The night brought a soft wind. It came gently, flowing through the gaps in the Blue Ridge Mountains and spilling over the valleys below, rustling the leaves outside the big house.

Mat Brionne, who was not quite seven, lay awake, listening. His father was in Washington to see President Grant, but was expected home soon, and Mat was eager for any sound that might herald his coming.

The rustling of leaves stilled momentarily, and in the silence Mat heard a faint stir of horses moving up the lane from the highroad. These horses moved almost silently, which was not like his father’s coming would be.

Uneasy, remembering the stories of Indians and of renegades, he slipped from his bed and peered down into the yard.

For a moment he saw nothing, and then he caught the shine of an empty saddle, then a surreptitious movement in the shadows near a tree.

Frightened, he went down the hall to his mother’s room. He opened the door, went in quickly, and touched her arm.

“Mother... there’s some men outside. I heard them.”

“It’s your imagination, Mat. Your father won’t be back until tomorrow.”

“I didn’t think it was pa. They’re acting very quiet. I’m scared.”

Anne Brionne got up and took her robe from a chair. There had been no trouble to speak of in Virginia since the end of the war, when James had been rounding up renegades.

“It’s alright, Mat. No one would come to bother us. They know your father too well. Anyway, Sam would have heard them. He’s sleeping in the gatehouse.”

“Mother, this is Friday. Sam’s never there on Friday. He goes to the tavern.”

Anne Brionne stood very still, thinking. The nearest house was four miles away. Burt Webster, their overseer, had gone to visit his sister in Culpeper. The field hands were cutting firewood back in the mountains, and if Sam was gone they were alone on the place, except for the Negro maid, Malvernia.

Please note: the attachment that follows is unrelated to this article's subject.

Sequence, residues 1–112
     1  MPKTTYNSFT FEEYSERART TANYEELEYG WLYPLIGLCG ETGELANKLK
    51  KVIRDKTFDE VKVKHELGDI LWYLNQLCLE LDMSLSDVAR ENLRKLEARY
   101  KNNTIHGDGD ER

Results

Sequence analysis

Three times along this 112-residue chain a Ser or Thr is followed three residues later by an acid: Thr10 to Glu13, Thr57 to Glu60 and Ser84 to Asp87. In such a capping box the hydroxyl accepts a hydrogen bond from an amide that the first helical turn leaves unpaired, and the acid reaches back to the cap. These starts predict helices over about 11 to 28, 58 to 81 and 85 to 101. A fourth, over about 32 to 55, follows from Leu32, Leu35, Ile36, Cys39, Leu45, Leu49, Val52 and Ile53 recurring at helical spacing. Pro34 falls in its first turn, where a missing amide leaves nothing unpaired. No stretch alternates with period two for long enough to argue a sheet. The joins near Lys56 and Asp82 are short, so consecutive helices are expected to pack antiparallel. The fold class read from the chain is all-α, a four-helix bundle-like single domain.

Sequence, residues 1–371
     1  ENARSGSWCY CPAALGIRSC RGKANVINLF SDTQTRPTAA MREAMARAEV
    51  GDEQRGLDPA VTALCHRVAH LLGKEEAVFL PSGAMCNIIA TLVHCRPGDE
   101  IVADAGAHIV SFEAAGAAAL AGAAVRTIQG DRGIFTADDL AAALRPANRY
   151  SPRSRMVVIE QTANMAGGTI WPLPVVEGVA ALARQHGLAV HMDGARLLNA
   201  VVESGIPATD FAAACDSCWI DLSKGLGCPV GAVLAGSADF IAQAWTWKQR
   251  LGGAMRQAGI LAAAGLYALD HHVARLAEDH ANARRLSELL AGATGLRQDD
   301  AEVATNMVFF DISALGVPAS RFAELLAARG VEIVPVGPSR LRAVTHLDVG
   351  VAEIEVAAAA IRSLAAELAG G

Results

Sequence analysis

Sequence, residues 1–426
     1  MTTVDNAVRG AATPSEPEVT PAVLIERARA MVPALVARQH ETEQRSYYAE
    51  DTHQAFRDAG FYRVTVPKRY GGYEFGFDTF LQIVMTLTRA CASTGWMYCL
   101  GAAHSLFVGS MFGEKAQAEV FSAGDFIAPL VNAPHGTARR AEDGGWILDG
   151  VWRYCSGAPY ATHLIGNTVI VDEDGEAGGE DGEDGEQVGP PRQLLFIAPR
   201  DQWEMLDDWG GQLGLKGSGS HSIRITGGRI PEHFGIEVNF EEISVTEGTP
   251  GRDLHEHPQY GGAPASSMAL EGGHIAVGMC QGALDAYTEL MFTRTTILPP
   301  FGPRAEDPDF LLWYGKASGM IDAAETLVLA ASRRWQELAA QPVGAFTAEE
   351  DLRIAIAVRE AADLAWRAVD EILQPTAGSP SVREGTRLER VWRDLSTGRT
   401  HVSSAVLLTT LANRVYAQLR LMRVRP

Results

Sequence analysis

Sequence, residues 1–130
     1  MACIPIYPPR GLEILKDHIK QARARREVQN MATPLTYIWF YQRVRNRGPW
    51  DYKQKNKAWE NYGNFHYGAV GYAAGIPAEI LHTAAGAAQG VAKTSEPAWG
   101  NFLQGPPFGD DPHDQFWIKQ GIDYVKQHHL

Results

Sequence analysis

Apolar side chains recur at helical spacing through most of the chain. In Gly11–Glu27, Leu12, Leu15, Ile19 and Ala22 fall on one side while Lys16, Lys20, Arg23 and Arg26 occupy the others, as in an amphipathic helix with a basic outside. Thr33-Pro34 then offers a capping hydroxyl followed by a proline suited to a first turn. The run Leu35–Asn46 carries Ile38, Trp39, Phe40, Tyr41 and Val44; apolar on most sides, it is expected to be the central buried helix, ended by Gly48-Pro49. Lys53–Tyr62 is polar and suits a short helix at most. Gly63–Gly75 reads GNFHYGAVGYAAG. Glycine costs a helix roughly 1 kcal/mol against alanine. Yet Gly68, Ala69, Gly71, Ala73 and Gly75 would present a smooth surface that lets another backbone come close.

“There’s nothing to be afraid of, Mat. We’ll go downstairs.”

Their feet made no sound upon the soft carpets. James kept his guns locked in a cabinet in his study, but when they reached the foot of the stairs Anne Brionne paused, facing the front door. Someone was trying the door, turning the knob ever so gently. Mat heard it, too, and his grip on his mother’s hand tightened.

Suddenly she knew who the men must be -- in Virginia, at this time, it could be nobody else. Two years had gone by, but she still remembered the courtroom and the evil, hate-twisted face of Dave Allard as he hurled threats at her husband, Major James Brionne.

The Allards -- it was a name they adopted after leaving Missouri -- were a renegade family of doubtful origin who had been petty thieves before the war, and who blossomed into full-time thieves and murderers under cover of the war.

Dave Allard had lunged from his chair screaming “They’ll kill you, Brionne! My folks’ll git you! They’ll see you an’ yourn burn! Burn, I tell you!”

“Mat,” she said calmly, “I want you to go down into the cellar and leave by the old root-cellar door. Got to your cave and stay there until one of us comes for you.”

“Mother, I --”

“Do what you are told, Mat. That is the way your father would want it.”

Still he hesitated. “Go,” she repeated. “Go now.”

A moment longer he hesitated -- he did not like to see his mother standing there, so quiet and pale. Then he fled.

She unlocked the cabinet and took out the shotgun James used for hunting wild boar. It was loaded with heavy buckshot. Then she took out the pistol, a small derringer, that James had given her shortly after their marriage.

She went up the six steps to the landing. From there the steps mounted in two wide, sweeping staircases to the second floor. On the landing there was a straight-backed chair.

Seating herself carefully, she arranged the folds of her robe about her, concealing the small gun in her lap under an edge of the gown. The shotgun she held across her knees. And there, her heart beating heavily, she waited.